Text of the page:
Endocrine FGFs, FGF15/19, FGF21 and FGF23, are thought to mediate their biological responses in an FGFR-dependent manner. However, they bind to FGFRs and heparin/heparan sulphate with very low affinity. The reduced heparin-binding affinity enables endocrine FGFs to function in an endocrine manner (Fig. 1C) (21, 22). αKlotho is a single-pass transmembrane protein of ~1,000 amino acids with a short cytoplasmic domain. The phenotypes of αKlotho knockout mice are very similar to those of Fgf23 knockout mice (26). These results indicate that FGF23 and αKlotho may function in a common signal-transduction pathway. αKlotho most efficiently binds to and activates FGFR1c among several isoforms of FGFRs in cultured cells (27), suggesting the FGFR1c can transduce an FGF23/αKlotho signal.
βKlotho is a protein that shares structural similarity and characteristics with αKlotho. The phenotypes of βKlotho knockout mice overlap those of Fgfr4 knockout mice and Fgf15/19 knockout mice (28, 29). FGF15/19 can bind to a βKlotho–FGFR4 complex in cultured cells. FGF15/19 also activates FGF signalling in hepatocytes that primarily express Fgfr4 (30). These results indicate that FGFR4 may be the primary receptor for transduction for an FGF15/19/βKlotho signal.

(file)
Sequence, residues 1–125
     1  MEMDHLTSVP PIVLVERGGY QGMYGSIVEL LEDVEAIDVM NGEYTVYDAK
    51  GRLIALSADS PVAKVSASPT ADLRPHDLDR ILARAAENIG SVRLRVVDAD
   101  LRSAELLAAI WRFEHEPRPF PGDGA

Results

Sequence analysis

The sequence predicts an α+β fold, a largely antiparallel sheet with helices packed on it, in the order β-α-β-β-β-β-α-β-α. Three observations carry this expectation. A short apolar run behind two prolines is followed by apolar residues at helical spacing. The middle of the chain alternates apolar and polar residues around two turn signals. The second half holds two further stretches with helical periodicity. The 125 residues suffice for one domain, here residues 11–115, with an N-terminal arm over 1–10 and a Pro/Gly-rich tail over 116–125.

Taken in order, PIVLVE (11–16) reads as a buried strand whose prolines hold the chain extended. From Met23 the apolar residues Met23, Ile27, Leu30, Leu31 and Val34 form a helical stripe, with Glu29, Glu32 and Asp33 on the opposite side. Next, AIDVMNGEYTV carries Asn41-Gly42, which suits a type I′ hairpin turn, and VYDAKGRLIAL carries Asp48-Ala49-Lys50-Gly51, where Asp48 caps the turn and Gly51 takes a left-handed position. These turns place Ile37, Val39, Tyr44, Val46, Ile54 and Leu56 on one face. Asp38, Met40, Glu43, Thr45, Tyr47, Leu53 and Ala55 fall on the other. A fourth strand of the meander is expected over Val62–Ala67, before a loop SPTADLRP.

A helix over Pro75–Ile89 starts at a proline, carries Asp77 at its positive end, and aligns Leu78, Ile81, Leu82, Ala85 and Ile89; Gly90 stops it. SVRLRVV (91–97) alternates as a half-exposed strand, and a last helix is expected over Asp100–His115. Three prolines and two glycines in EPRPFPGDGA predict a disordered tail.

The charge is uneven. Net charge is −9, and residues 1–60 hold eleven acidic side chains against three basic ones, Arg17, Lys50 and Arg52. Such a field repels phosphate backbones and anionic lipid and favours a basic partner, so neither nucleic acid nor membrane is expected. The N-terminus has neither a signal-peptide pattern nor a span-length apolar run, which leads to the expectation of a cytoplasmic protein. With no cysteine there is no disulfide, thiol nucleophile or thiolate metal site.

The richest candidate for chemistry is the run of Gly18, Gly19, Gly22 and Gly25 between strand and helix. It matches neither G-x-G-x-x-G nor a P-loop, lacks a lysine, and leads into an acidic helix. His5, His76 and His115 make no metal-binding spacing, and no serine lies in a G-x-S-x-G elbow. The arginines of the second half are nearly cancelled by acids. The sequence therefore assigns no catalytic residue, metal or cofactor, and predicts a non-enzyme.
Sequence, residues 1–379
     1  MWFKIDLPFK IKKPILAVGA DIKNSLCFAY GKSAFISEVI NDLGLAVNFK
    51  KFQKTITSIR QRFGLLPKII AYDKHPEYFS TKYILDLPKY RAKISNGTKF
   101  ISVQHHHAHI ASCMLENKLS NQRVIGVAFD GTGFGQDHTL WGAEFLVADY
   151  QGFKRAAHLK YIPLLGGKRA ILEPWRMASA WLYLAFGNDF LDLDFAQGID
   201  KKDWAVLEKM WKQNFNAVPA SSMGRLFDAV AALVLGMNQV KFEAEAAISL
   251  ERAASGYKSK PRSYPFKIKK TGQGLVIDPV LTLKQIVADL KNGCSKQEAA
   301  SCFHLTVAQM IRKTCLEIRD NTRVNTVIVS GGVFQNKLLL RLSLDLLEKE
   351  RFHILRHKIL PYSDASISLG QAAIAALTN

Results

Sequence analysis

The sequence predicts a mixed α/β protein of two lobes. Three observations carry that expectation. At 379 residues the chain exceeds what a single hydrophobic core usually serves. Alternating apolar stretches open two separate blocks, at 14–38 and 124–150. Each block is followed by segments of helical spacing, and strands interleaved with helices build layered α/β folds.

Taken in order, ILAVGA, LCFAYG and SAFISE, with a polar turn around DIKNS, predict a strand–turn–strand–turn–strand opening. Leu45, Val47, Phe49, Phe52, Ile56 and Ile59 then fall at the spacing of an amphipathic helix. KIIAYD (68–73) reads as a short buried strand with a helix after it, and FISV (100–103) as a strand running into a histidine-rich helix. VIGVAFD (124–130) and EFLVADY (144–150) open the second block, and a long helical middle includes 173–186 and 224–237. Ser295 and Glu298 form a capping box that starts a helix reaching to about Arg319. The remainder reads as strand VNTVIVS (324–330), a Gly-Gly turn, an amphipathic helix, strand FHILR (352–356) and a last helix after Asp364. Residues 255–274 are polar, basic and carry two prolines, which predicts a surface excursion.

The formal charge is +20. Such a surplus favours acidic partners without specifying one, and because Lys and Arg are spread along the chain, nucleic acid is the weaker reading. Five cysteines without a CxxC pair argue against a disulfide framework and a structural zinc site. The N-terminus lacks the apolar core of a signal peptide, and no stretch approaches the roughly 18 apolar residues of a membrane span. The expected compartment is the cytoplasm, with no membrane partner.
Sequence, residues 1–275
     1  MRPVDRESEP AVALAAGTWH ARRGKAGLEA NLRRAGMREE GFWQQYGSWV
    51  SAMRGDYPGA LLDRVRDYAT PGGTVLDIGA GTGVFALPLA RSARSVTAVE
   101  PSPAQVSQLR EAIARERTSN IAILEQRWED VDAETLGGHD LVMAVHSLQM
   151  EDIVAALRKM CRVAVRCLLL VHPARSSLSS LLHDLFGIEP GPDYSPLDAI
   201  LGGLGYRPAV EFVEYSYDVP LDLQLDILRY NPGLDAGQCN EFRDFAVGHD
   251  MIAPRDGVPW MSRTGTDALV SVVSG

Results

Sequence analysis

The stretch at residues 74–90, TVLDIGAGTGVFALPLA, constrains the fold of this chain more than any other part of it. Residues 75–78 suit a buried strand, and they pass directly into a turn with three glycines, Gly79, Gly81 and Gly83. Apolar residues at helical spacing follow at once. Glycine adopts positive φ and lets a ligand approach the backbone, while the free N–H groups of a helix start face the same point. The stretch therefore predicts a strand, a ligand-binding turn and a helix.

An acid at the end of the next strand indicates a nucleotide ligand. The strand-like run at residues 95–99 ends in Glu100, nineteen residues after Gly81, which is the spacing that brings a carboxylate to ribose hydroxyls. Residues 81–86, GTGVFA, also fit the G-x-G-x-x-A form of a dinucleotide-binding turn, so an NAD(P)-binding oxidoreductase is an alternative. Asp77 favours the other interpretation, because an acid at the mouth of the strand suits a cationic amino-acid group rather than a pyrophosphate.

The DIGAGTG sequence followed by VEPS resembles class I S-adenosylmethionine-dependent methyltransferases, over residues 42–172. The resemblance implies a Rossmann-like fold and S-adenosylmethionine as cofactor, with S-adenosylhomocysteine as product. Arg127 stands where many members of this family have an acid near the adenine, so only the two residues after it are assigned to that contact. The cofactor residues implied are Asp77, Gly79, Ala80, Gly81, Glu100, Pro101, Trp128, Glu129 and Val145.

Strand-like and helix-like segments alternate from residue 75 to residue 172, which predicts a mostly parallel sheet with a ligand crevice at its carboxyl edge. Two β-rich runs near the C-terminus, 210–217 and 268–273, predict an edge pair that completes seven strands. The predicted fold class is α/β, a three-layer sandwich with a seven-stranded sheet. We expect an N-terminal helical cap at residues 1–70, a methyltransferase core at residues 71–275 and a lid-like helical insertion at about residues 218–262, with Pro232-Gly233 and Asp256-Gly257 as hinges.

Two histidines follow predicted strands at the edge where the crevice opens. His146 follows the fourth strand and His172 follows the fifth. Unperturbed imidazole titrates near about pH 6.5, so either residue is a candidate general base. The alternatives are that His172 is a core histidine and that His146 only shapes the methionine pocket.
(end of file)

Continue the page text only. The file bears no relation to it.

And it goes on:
βKlotho is also essential for FGF21 signalling in cultured cells (31). However, Fgf21 knockout mouse phenotypes are distinct from βKlotho knockout mouse phenotypes (28, 32). In addition, the administration of recombinant human FGF21 to βKlotho knockout mice demonstrated that FGF21 signals can be transduced in the absence of βKlotho (33). These results indicate the existence of a βKlotho-independent FGF21-signalling pathway in which undefined cofactors might be involved.
‘Nothing in biology makes sense except in the light of evolution.’ (Theodosius Dobzhansky, 1900–1975).
The FGF-signalling system has been conserved throughout metazoan evolution. Two Fgf-like genes, egl-17 and let-756, have been identified in the nematode, Caenorhabditis elegans (34). Six Fgf-like genes, Fgf4-like, Fgf5-like, Fgf8-like, Fgf9-like, Fgf10-like and Fgf13-like, which are potential ancestral genes of the human/mouse Fgf subfamilies, have been identified in the ascidian, Ciona intestinalis (35). Ascidians belong to the Subphylum Urochordata, the earliest branch in the Phylum Chordata. These results indicate that most ancestral genes of the human/mouse Fgf subfamilies were generated by gene duplication after the diversion of protostomes and deuterostomes (Fig. 2A).